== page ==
- The Washington Times - Monday, December 23, 2002

Kenny Watson and Ladell Betts know that 100-yard rushing games in Steve Spurrier's Fun 'n' Gun offense are few and far between.
So when both Washington Redskins running backs found themselves on the precipice of the coveted triple-digit mark during yesterday's 26-10 win over the Houston Texans, they realized they couldn't let this rare opportunity pass them by.
"We knew we were pretty close," Watson said. "We had a pretty good first half, and the offensive line was doing a good job. So we were kind of joking with each other, saying we might as well go ahead and both get it."
With 7:21 to play in the fourth quarter, Watson broke the barrier first, picking up 12 yards on third-and-1. Less than a minute and a half later, Betts rambled 15 yards down the right sideline to surpass the 100-yard mark himself.
And with that, these two relatively unknown running backs etched their names into the Redskins record book alongside some of the greatest rushers in team history. With Betts' 116 yards on 20 carries and Watson's 110 yards on 20 attempts, the duo became the first pair of Washington backs to each surpass 100 yards in a game in 17 years.
On Nov.3, 1985, Keith Griffin (164 yards) and George Rogers (124) accomplished the feat against the Atlanta Falcons. Four weeks earlier, in an Oct.7 game against the St. Louis Cardinals, Rogers (104) teamed up with John Riggins (103).
"It's kind of shocking," Betts said. "I didn't realize we ran as many times as we did. I didn't realize we had as many yards as we did. It's a true testament to our offensive line. Those guys got the job done."
The Redskins' most prolific ground game (247 yards) since they had 259 yards on Sept.3, 1995 against Arizona came without Stephen Davis in the lineup. The veteran back watched from the sidelines, still nursing a dislocated right shoulder that almost certainly will keep him from playing in next week's finale against the Dallas Cowboys.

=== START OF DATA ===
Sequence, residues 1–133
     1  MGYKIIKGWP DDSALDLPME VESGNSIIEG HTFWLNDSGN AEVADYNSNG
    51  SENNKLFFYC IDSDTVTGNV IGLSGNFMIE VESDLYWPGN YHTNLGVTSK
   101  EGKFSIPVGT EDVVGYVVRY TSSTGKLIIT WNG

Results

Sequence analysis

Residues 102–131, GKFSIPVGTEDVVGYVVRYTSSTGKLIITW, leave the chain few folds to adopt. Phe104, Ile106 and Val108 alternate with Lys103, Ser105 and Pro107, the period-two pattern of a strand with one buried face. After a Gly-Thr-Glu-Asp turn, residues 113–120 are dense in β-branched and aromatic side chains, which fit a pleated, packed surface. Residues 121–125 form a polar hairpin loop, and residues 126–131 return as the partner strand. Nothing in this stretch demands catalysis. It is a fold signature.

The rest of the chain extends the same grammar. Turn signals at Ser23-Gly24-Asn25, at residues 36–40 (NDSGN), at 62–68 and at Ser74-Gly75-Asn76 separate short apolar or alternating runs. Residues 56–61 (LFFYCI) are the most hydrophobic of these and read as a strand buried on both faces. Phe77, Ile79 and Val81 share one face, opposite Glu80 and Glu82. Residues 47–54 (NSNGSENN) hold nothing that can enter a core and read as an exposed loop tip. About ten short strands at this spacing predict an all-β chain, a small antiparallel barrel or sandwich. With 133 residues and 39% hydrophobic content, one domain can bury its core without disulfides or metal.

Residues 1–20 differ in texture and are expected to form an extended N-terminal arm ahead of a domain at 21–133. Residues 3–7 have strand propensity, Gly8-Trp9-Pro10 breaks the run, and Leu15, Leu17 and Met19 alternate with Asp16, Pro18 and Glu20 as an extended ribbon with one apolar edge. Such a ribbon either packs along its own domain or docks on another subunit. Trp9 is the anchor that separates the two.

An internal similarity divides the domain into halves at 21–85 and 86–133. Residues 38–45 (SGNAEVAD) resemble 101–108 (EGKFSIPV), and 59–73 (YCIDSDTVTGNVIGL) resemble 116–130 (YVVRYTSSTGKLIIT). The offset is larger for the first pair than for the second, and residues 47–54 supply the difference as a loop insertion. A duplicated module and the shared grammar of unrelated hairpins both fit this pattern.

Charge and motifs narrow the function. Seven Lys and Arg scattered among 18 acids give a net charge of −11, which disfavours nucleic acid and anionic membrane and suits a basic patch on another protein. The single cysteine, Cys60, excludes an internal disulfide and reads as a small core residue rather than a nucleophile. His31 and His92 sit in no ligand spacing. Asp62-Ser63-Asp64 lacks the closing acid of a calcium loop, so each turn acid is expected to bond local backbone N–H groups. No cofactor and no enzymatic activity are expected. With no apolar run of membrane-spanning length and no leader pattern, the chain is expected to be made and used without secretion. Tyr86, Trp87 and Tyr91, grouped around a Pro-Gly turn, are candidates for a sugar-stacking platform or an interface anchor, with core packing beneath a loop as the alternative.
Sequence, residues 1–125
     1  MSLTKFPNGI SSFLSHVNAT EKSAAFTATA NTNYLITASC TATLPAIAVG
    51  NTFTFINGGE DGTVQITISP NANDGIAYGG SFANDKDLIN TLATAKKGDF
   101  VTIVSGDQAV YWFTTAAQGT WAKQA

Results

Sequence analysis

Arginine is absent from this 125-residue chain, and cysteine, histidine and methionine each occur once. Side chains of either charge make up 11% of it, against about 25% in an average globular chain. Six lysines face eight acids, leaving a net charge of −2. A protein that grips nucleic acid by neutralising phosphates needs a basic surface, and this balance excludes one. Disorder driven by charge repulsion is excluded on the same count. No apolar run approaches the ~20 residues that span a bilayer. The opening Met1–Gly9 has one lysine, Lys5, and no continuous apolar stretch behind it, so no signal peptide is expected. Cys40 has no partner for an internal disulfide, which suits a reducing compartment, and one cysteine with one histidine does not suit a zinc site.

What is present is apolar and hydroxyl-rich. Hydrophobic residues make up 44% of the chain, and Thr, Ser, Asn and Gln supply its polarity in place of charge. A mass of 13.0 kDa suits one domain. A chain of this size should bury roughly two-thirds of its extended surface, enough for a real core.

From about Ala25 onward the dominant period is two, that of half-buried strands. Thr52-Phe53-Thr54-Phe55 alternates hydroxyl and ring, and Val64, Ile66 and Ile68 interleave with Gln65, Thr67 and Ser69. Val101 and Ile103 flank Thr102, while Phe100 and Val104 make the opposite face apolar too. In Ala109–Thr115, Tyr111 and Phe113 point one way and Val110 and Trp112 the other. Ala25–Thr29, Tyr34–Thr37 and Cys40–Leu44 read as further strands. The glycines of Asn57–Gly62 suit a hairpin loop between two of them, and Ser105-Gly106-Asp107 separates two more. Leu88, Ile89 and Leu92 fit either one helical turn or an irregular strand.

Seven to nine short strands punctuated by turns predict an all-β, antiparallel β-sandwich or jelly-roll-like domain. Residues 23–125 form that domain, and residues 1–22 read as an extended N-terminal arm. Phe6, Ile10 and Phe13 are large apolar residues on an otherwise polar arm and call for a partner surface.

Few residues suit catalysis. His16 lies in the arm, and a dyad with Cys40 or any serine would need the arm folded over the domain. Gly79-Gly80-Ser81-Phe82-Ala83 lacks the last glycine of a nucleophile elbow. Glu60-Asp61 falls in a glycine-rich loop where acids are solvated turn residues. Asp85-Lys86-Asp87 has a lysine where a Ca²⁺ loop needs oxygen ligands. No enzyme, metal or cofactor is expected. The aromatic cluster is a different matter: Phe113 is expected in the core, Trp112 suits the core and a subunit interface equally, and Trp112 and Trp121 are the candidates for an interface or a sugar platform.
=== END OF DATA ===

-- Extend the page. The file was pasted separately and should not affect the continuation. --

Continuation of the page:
No, the Redskins racked up all those yards (on a season-high 46 attempts to boot) behind the performances of two backs who entered this season with a combined one game of NFL experience. And given the probability of a Watson-Betts tandem sharing the load next season assuming the club does not bring Davis back and take an $11.4million salary cap hit Spurrier couldn't have asked for much more from the two during yesterday's audition.
"It was very encouraging watching those two," Spurrier said. "Certainly, we plan on using them very similarly next week."
And, perhaps, next year?
"I'm not really thinking of it as an audition, 'cause next year's not here," Watson said. "We've got to worry about now. We want to finish up the season strong."
Watson, a second-year back from Penn State who spent most of last season on the practice squad, and Betts, a rookie from Iowa, had nearly identical numbers yesterday. And they ran in nearly identical styles, staying between the tackles while totaling 15 rushes of 7 or more yards.
"The offensive line, they were opening up holes so big, sometimes we weren't even getting touched," Betts said. "It made our job pretty easy today."
The Redskins consistently ran behind the right side of their line (guard Tre Johnson and tackle Jon Jansen), which performed admirably against Gary Walker, the Texans' Pro Bowl left defensive end.
"I didn't think it was going to be as much power football as it was," Walker said. "I was thinking there would be a lot more draws and counter plays. They ran up in there and just outplayed us."
In a season that has seen Spurrier change offensive philosophies on an almost weekly basis, the Redskins yesterday never gave up on the running game, rushing the ball 46 times to 32 pass attempts.
And when they needed it most, up 13 points early in the fourth quarter, the Redskins chewed up the clock with 10 straight running plays. That kind of one-dimensional play calling may not be Spurrier's usual cup of tea, but in this case, it proved to be the best course of action.
"It's like a relationship," Johnson said of the running game. "You've got to stick with it. You may get stuck a couple times, it may be bad and you may want to roll out, but you've got to stick in there and make it work. And in the end, it's going to be a beautiful thing."

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